Your D.C. vs. burbs feature was interesting in its perspective (“Don’t Cross That Line,” 12/27/96). Approximately 10 pages were devoted to the subject (cover not included). Only two pages focused on the District’s economic picture, and no article directly compared the financial (esp. tax-related) aspects of living in D.C. as opposed to residing “across the line.”

Do your writers and editors actually consider the mayor’s funky personality, Bethesda’s lack of grittiness, and other such factors of primary importance in deciding where to live? Granted, noneconomic factors such as good bagels (Bethesda), excellent ethnic food (Clarendon), and some semblance of an arts scene (Alexandria) are important in deciding where to live. Add to that, however, a monthly tax savings that equals some people’s rent, and the equation tips even further against the District.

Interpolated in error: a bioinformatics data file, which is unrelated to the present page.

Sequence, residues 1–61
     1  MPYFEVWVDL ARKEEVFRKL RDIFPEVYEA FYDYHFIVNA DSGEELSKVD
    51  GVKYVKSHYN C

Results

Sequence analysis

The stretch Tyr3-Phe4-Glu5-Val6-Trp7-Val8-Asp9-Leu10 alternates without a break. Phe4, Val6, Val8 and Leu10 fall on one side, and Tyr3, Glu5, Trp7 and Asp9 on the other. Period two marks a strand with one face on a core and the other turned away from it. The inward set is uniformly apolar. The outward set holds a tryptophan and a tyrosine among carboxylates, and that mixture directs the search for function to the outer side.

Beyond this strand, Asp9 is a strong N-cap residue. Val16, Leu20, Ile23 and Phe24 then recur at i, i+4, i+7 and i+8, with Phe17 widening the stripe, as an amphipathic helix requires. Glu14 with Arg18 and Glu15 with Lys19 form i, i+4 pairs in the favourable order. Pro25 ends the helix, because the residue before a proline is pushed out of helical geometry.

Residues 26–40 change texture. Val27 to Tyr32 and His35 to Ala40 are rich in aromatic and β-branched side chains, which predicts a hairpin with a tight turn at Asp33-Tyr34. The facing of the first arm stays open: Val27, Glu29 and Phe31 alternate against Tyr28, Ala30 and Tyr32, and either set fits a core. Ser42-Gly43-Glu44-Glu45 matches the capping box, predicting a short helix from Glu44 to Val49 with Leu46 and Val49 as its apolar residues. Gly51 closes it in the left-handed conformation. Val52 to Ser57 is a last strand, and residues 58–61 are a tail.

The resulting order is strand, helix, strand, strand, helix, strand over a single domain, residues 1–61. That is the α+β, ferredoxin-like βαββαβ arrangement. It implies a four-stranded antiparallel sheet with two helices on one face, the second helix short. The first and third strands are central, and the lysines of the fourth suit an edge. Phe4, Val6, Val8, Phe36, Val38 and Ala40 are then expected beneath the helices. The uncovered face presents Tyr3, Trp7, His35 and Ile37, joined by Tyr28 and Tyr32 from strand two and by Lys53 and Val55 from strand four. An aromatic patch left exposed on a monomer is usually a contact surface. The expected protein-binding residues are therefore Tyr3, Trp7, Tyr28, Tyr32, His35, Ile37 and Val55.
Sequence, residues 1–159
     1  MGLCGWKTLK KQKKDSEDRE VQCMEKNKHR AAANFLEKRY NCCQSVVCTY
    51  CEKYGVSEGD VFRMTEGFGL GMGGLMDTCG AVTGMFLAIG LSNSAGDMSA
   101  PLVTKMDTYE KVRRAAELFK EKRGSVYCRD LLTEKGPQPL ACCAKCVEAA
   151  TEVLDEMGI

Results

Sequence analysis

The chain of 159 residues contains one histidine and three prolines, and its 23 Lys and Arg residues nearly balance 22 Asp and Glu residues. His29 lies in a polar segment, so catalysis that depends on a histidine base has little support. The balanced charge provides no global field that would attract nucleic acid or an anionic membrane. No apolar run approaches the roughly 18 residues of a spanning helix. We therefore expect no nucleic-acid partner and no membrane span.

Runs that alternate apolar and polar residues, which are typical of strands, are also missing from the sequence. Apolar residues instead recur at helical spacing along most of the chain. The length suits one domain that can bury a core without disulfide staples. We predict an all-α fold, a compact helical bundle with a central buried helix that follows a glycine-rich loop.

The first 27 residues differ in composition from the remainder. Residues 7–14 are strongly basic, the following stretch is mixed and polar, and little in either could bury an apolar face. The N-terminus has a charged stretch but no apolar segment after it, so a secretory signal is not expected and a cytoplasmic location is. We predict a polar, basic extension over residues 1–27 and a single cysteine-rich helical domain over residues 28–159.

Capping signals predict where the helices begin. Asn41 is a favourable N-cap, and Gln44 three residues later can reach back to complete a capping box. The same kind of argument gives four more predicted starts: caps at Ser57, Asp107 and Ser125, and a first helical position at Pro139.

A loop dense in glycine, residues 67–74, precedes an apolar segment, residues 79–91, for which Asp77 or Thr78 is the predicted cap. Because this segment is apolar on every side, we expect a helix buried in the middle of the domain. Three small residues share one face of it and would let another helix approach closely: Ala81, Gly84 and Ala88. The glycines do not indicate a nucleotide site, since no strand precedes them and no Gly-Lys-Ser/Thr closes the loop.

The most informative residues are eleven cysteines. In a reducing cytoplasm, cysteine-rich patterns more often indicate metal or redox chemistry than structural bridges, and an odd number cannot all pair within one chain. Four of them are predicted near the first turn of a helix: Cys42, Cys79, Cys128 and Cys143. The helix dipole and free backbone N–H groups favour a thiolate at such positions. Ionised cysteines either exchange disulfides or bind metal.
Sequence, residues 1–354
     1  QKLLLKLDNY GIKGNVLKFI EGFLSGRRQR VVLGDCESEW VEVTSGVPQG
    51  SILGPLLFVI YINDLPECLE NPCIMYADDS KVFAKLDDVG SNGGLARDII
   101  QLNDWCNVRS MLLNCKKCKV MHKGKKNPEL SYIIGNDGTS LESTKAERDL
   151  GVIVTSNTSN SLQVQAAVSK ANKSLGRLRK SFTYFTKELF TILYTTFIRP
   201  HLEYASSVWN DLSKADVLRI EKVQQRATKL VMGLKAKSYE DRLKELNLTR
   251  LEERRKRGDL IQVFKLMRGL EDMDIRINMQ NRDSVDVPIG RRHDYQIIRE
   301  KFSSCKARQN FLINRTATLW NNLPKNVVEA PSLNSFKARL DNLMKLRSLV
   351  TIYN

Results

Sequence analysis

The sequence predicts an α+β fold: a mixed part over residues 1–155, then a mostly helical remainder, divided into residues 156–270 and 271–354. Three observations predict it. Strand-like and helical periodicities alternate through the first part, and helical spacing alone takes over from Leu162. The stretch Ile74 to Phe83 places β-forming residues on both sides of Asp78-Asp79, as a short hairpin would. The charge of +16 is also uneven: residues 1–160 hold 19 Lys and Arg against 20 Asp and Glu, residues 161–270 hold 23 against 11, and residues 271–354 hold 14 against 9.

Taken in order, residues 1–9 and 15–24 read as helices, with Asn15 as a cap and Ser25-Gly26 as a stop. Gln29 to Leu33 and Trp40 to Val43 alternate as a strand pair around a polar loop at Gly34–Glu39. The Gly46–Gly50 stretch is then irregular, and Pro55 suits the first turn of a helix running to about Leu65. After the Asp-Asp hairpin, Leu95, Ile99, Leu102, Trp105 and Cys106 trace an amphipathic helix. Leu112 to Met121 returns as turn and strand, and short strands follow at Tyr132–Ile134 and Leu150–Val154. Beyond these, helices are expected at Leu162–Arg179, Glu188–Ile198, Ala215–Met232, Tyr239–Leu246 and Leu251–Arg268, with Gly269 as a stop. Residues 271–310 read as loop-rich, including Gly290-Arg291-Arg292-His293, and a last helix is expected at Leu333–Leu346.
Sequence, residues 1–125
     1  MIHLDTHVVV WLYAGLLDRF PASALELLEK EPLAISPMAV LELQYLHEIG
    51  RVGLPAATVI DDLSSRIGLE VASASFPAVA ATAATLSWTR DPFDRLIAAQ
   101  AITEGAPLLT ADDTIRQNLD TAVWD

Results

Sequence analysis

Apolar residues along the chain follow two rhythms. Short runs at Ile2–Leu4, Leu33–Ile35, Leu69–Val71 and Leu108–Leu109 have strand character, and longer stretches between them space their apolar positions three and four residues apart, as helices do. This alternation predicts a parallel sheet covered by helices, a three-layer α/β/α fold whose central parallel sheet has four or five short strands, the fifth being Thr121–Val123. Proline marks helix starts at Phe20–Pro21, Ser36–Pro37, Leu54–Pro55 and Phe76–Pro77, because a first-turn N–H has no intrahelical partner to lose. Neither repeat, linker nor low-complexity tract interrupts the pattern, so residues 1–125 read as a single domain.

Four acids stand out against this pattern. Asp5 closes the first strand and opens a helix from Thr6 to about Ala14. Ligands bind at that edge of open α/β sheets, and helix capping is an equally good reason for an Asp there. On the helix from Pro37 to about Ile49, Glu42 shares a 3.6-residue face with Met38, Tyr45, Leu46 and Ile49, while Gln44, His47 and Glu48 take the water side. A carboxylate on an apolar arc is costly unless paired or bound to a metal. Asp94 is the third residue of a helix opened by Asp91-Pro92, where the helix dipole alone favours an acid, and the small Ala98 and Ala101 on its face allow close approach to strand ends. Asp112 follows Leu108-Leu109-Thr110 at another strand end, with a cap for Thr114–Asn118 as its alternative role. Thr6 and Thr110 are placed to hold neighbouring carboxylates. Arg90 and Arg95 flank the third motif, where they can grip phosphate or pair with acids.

Having lived back and forth across the line over the past eight years, I am not blind to the city’s benefits. In preaching to its choir of predominantly low-paid, shortsighted readers, however, Washington City Paper revealed not only its selective blindness to all the aspects of living in the nation’s capitol, but its mushy journalistic backbone as well.

P.S. Why no attack on Takoma Park? Afraid you might upset the many City Paper readers who reside in that perfectly colorful, character-rich suburb?

Oakton, Va.

via the Internet